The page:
Why don’t people behave as they are supposed to?

I grew up well trained: not just about right and wrong, or about history, math, and literature, but about abstract things. I learned how the world is organized, what the “natural” order of things should be, and where people fit in that order.

My next-door neighbor, for example, drank heavily and cursed loudly. He had a lush garden and several lively children, but the vile behaviors made his a family to avoid. Doc Thompson, by contrast, deserved to be cultivated, for he lived by the community’s highest standards. He made house calls on the sick; he never missed church; he smiled at everyone.

I knew the order; I knew where people fit. And that made life easy.

Except . . .

Except that the longer I live, the more people I meet who refuse to follow the rules.

I ran into several of that next-door neighbor’s children awhile back, and they left me breathless. They were sharp in every way: intelligent, witty, compassionate, full of grace. And they treated me as if they’d never noticed the way I used to avoid them. I came away feeling ashamed and deprived, embarrassed at my aloofness and sad that I’d deprived myself of rich friendships.

It happened again a few weeks ago, when I got into a conversation with the security guard at a Chicago school. I knew instinctively what kind of person he would be, because I knew where security guards fit in the social order. I was ready to speak simply, on “his level.”

But he too refused to fit. His conversation moved quickly to the world of music, a world he inhabits when he is not at the school. He also wanted to talk about the mountains of Bosnia, where he used to live. And then he asked me what I thought about two of my favorite Japanese novelists, Murakami Haruki and Mishima Yukio. He has read more of them than I have; his insights floored me. Once more, I came away ashamed of my pigeon holes.

What’s wrong with me? With the ordered world that I inherited?

Bob Thompson suggested an answer in his March 27 Voluptuous God blog when he talked about Jesus surrounding himself with “outcasts,” defying establishment conventions that silence the marginalized., and making himself into “a social justice subversive.”

The conventions always catch me up; they make me miss the common spirit that I share with every single one of God’s creatures. They stuff me–and everyone else–into a box. They isolate me and make me lose out on so much of the richness, the ideas, the variety, the surprise, and the energy that is mine for the taking.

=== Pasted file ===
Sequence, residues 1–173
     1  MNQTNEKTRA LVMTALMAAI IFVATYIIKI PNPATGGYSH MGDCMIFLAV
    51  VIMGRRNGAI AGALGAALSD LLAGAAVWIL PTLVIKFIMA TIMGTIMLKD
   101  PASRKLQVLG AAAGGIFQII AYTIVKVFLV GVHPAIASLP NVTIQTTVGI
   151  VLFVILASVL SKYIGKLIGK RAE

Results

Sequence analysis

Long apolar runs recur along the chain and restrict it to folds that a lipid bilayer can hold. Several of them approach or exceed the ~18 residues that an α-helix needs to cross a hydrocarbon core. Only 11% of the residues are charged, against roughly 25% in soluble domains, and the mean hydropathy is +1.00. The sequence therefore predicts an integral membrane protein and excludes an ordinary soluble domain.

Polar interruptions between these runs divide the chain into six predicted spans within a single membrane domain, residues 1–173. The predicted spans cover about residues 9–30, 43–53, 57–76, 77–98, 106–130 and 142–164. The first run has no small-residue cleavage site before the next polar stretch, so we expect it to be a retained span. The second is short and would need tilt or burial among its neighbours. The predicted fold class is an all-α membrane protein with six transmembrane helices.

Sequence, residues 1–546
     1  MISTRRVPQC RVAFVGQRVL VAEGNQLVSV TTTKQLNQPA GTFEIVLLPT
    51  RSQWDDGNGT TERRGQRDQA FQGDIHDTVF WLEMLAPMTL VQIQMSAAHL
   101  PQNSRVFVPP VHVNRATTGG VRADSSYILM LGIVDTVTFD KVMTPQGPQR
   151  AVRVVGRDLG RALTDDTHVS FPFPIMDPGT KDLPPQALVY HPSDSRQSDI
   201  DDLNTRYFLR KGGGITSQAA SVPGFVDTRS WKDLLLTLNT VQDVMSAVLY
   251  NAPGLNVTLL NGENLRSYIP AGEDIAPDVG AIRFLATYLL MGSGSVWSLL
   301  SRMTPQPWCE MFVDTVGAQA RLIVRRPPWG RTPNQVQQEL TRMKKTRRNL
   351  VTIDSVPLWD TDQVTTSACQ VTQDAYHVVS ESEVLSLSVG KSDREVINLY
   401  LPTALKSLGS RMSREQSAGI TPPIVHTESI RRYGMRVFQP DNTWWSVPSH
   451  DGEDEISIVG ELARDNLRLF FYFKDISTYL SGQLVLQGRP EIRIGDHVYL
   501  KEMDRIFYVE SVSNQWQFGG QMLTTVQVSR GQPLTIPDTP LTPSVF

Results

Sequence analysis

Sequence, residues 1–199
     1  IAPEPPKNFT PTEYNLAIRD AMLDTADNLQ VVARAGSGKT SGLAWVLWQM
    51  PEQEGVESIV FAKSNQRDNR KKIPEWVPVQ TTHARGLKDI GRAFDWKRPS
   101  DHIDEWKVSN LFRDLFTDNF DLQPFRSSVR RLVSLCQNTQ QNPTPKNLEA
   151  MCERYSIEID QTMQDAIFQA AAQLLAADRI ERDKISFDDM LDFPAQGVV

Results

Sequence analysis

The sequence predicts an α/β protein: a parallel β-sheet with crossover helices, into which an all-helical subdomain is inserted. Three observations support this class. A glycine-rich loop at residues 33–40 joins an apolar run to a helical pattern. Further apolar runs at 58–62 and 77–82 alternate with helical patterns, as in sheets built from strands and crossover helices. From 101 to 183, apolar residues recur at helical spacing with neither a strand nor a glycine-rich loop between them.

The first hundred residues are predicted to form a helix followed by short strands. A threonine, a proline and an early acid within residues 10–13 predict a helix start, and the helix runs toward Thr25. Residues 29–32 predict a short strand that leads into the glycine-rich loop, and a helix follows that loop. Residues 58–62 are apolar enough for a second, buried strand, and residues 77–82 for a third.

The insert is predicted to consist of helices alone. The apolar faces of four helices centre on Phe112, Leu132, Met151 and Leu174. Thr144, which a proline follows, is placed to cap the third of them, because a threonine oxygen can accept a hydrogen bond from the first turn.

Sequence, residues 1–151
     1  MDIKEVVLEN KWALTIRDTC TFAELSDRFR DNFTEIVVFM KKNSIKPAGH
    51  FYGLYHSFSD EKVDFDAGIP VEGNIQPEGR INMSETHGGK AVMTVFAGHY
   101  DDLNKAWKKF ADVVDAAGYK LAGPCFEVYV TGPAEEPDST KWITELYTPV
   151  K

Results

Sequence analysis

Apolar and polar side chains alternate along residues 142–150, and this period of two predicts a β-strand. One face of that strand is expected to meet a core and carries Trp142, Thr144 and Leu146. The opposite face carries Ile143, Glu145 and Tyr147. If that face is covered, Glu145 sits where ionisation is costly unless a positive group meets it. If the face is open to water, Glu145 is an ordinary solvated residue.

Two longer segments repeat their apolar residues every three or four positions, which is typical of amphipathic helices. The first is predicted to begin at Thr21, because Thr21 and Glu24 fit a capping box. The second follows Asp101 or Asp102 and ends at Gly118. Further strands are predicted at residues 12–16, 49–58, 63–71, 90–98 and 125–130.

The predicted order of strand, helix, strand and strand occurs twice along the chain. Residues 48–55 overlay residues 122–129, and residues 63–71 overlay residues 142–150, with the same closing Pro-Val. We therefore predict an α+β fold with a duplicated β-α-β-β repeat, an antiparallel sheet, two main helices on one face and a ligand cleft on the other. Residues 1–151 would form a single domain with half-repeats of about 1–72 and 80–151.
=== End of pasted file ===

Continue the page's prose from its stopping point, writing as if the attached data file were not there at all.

Decades ago, I visited the Soviet pavilion at the World Fair in Osaka, Japan. I knew what to expect, because I had been taught what kinds of people the Russians were. They were macho militarists; they were authoritarian; they wanted the world to know about their space exploits and their military prowess.

I entered the pavilion ready to shake my head in disgust at exhibits that would demonstrate precisely these values. But when I looked around, there were no weapons to be found. Instead, I saw scores–it may have been hundreds–of sentimental children’s pictures: crayon drawings, on white paper, of families and nature and fantasy worlds. They were as sweet as they were skillful.

I was befuddled. How could these people–these coarse, belligerent people–produce something so gentle and human? What had my teachers–and the whole American establishment–missed when they described the Russians? Why had we been so wrong? And what else might be wrong in the worldview I had been given?

The questions raised by that Soviet pavilion were numerous and complex, and they still haunt me, all these years later. The most important one, however, has a simple answer. The neat order just doesn’t exist. It may give comfort and security to those of us in the middle class. But it is a fiction, nothing more. And it is a dangerous fiction, for every time I embrace it, I miss the joy and growth made possible in a world where all of God’s creatures are one.